Mystifying Banksy: 5 Common Myths about the Elusive Artist

Mystifying Banksy: 5 Common Myths about the Elusive Artist
Photo credit: Banksy /

Banksy is rightly one of the most famous incognitos in the contemporary world of art. Despite an overwhelming success, no one has seen nor heard him. Each year, his figure becomes even more powerful yet obscure. This is part of the reason why Banksy means different things to different people. And myths and legends about the elusive artist are partly to blame for that. So what are they?

Mystifying Banksy: 5 common myths about the elusive artist

1. Banksy was arrested and his identity revealed

In 2014, Banksy was reportedly arrested and his identity was revealed as Paul Horner, widely known as a “hoax artist.” Well, Horner fabricated it, but many lapped it up.

2. Banksy is Robin Gunningham or Robert del Naja

Banksy is associated with many celebs, but especially with Robin Gunningham and Robert del Naja. In fact, no solid proofs are confirming such claims.

3. Banksy is a woman

Banksy is not a woman nor a man. Some sources suggest that Banksy is, in fact, a group of contemporary street artists. The fact remains that the elusive artist is unidentified, so it is hard to say for sure. However, other artists refer to Banksy as male.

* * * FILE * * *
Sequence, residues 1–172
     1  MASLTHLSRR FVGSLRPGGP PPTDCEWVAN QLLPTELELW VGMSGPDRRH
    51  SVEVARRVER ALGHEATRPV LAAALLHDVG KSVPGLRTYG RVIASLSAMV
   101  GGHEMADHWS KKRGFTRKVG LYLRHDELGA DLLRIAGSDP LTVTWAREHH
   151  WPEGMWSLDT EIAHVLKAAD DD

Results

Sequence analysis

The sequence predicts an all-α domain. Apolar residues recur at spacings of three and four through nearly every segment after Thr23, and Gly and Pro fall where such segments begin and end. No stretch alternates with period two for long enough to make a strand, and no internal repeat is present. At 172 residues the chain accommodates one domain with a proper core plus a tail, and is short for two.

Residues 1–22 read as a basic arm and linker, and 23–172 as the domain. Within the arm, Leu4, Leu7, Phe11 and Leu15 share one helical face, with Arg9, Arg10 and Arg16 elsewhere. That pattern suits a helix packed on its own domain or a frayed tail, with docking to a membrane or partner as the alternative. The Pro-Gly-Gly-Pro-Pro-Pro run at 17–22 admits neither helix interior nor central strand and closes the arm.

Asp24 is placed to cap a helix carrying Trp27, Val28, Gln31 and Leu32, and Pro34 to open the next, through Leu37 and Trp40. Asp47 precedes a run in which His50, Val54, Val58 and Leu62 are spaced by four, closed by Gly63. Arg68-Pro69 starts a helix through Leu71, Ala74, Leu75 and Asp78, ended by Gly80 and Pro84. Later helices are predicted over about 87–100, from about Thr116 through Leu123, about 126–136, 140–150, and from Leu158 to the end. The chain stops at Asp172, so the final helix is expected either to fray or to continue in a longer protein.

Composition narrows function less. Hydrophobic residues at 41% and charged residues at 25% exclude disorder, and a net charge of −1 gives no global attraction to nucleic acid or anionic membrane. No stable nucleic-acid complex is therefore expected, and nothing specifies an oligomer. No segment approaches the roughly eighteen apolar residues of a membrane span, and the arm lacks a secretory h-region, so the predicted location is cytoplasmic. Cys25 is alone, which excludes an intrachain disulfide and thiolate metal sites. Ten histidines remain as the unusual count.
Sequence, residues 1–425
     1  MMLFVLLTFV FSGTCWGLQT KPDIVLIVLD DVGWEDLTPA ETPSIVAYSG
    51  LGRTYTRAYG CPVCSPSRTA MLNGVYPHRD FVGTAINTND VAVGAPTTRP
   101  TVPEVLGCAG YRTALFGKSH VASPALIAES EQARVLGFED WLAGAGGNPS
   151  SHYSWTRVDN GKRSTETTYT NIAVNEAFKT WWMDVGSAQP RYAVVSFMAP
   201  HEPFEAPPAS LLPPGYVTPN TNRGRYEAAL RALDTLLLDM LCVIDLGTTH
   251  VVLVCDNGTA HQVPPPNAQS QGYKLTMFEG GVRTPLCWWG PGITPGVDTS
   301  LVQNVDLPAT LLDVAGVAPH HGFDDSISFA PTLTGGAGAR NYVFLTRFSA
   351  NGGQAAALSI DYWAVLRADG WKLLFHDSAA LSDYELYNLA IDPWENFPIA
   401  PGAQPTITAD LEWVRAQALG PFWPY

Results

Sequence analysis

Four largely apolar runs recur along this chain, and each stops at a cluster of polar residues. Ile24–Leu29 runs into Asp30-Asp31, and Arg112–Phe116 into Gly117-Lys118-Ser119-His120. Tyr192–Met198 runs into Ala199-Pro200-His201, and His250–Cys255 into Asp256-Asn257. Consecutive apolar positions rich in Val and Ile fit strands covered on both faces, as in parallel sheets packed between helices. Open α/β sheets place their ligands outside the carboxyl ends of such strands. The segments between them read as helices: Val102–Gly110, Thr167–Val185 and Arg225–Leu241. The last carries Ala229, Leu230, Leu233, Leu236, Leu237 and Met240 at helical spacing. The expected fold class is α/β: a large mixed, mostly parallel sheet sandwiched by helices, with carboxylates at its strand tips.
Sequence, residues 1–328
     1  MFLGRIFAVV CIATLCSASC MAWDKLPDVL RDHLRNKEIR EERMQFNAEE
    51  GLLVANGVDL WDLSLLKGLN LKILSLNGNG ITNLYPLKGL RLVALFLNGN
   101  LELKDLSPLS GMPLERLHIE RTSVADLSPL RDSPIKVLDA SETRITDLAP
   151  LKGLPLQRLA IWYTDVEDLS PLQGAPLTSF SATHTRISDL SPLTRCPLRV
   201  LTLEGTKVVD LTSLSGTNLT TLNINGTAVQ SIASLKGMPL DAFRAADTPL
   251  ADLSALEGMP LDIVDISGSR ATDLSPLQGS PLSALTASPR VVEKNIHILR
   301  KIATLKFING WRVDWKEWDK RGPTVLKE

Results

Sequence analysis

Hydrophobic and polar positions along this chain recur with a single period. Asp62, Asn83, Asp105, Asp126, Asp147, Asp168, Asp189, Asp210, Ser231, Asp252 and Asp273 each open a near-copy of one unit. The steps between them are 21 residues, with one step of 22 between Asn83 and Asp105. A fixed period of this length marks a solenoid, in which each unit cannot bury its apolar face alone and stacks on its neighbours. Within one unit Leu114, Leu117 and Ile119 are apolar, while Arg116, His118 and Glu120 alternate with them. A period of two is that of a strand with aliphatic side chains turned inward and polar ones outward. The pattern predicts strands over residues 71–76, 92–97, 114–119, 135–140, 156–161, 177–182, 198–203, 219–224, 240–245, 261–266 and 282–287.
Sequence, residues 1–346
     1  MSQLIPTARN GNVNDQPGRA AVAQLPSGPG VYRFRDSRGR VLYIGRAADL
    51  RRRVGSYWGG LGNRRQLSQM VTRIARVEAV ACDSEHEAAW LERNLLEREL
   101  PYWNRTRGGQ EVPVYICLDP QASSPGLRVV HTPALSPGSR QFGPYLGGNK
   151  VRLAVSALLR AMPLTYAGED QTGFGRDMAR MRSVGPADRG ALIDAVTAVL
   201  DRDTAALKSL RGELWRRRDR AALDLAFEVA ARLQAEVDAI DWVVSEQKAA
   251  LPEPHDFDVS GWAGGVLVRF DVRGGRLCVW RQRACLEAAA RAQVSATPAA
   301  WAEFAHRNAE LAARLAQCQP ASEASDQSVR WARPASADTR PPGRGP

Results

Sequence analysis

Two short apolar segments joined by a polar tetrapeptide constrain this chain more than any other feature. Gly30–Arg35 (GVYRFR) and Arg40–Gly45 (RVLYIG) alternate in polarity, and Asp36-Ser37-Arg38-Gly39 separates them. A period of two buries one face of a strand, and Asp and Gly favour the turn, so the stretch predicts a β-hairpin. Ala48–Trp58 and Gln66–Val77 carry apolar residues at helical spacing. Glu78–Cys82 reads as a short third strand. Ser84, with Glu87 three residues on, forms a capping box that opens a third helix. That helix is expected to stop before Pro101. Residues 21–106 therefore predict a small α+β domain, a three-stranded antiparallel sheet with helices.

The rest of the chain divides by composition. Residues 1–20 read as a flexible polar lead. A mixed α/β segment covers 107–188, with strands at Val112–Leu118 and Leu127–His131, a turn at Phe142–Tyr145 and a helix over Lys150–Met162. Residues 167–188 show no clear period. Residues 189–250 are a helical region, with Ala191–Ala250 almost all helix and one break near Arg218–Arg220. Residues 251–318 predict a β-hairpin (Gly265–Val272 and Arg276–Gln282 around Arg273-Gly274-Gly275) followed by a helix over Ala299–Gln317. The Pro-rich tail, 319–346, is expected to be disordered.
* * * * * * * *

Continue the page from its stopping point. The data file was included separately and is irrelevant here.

4. Sotheby’s made it up

You must have heard about Banksy’s notorious painting that self-destructed during the auction at Sotheby’s. Many thought it was made up, but later both Sotheby’s and Pest Control debunked the information.

5. His nickname comes from his football career

Do you know how Banksy came up with his nickname? It is argued that the street artist received the pseudonym while being a goalkeeper. However, there is also a view that it derives from “Robin Banx,” his earliest tag.

Never fall for these myths. Consider them folk tales invented either by obsessive fans or media that wants to hook the audience. If Banksy decides to come to light, the chances are that you will learn it from the elusive artist himself.